Lighwave, when even the likes of Bob Barr, Robert Novak, and the National Review's Larry Kudlow are saying President Bush has a problem on his hands, I'm inclined to think Bush has a real problem with the firing of those U.S. attorneys. Now that Congress is in the hands of the Democrats, Bush is no longer the "Decider" he used to be when the Republicans held power in the House and Senate. If there's a meta-message here, it's that Bush's powers are now going to be checked and some balance restored between the legislative and executive branches of government. It's about time.

Posted by ck [TypeKey Profile Page] | March 21, 2007 10:50 PM

Lightwave - you do understand "at will" does not mean they can fire you for whatever they want right? I know its hard to grasp, but basically they can fire you if they give no reason - But, if they fire you and its clear retribution, that's illegal -

As far as US Attorneys pleasuring the president - it doesn't work that way -
They are appointed by the president - Once in their position they are not allowed to play politics - They might do it in sneaky ways anyway, but it is not legal to act in a partisan way as a US Attorney -

Posted by viking01 [TypeKey Profile Page] | March 21, 2007 10:59 PM

There is a big, BIG difference between ordering for subpoenas and actually delivering them just as their is a big difference between cutting off funding for the troops and Pelosi actually realizing that wish. Even the most rabid of Democrats are slowly beginning to grasp that concept. Shopping for a Rolls Royce at a Yugo dealership gets complicated.

The Dems and their obedient presstitutes have been claiming the sky is falling ever since Slick vacated the Oral Office. As a result the news ratings, sales, and advertising have been brought to their knees faster than a White House intern in the 1990s.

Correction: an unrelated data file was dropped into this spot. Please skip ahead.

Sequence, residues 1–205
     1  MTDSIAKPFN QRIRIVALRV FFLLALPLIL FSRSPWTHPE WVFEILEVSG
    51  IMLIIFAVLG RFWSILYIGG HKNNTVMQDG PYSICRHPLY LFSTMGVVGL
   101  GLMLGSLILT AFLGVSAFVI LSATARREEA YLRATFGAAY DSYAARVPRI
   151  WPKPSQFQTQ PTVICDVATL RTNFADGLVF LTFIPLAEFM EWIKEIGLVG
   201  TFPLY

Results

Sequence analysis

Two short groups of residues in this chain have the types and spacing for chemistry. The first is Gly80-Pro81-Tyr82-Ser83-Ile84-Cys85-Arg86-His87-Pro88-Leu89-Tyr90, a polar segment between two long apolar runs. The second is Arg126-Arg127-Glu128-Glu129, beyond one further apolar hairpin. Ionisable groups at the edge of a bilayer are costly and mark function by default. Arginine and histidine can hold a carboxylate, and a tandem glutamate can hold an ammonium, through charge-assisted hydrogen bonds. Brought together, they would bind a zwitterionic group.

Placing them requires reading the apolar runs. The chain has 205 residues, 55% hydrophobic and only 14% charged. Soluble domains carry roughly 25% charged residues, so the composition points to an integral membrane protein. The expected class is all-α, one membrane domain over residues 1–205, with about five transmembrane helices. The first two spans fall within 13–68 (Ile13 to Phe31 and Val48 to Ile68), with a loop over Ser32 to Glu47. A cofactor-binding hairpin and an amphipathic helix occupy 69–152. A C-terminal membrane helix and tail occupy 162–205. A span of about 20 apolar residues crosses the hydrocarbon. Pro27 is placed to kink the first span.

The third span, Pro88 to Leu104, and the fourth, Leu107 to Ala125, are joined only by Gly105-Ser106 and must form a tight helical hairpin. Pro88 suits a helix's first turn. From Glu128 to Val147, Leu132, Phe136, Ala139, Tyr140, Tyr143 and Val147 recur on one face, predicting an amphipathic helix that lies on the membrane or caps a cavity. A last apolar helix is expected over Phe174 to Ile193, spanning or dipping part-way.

The fact that Hillary's media shills have gone berserk over the internet "1984" Apple ad spoof shows how the internet's power over activist media and their attempts to control and twist the news to suit their chosen ones can be upended overnight. Many in the activist press haven't figured out how the SwiftBoat veterans scuttled Kerry therefore it is no wonder they cannot fathom 1984 Hillary.

I agree with those about the Dem congress honeymoon being over. They've complained a lot, delivered nothing to their constituents and come across as hostile to the troops defending us so they're back to playing the disenfranchised victim card again like so many tiresome Cindy Sheehans. Like Gov. Blanco beating the FEMA drum a few hundred times too many at least Blanco realizes she overplayed the blame game and has bowed out early. Pelosi and Schumer would be wise to look beyond their egos and learn from Blanco. But they won't because ego always comes first to them.

Posted by starfleet_dude [TypeKey Profile Page] | March 22, 2007 8:44 AM

Josh Marshall takes a look at the big picture:

Back up a bit from the sparks flying over executive privilege and congressional testimony and you realize that these are textbook cases of the party in power interfering or obstructing the administration of justice for narrowly partisan purposes. It’s a direct attack on the rule of law.
This much is already clear in the record. And we’re now having a big public debate about the politics for each side if the president tries to obstruct the investigation and keep the truth from coming out. The contours and scope of executive privilege is one issue, and certainly an important one. But in this case it is being used as no more than a shield to keep the full extent of the president’s perversion of the rule of law from becoming known.
It’s yet another example of how far this White House has gone in normalizing behavior that we’ve been raised to associate with third-world countries where democracy has never successfully taken root and the rule of law is unknown. At most points in our history the idea that an Attorney General could stay in office after having overseen such an effort would be unthinkable. The most telling part of this episode is that they’re not even really denying the wrongdoing. They’re ignoring the point or at least pleading ‘no contest’ and saying it’s okay.

Which is not O.K., even if you're a Republican.

Posted by NoDonkey [TypeKey Profile Page] | March 22, 2007 9:05 AM

Who cares about 8 useless lawyers getting fired? I'd like to see each and every Washington shyster lawyer lose his job and then get tarred, feathered and rode out of town on a rail. Would really go far in cleaning up this dungheap of a city.

What's being lost here is the issue of Democrats stealing votes and that nothing at all has been done about it.

The fired attorneys need to explain exactly why Democrat vote stealing efforts were ignored. How about an investigation into who might be paying off the attorneys? Does anyone seriously postulate that the fabulously corrupt Democrat Party would be above paying off federal attorneys, to look the other way as the Democrats manufacture phony votes?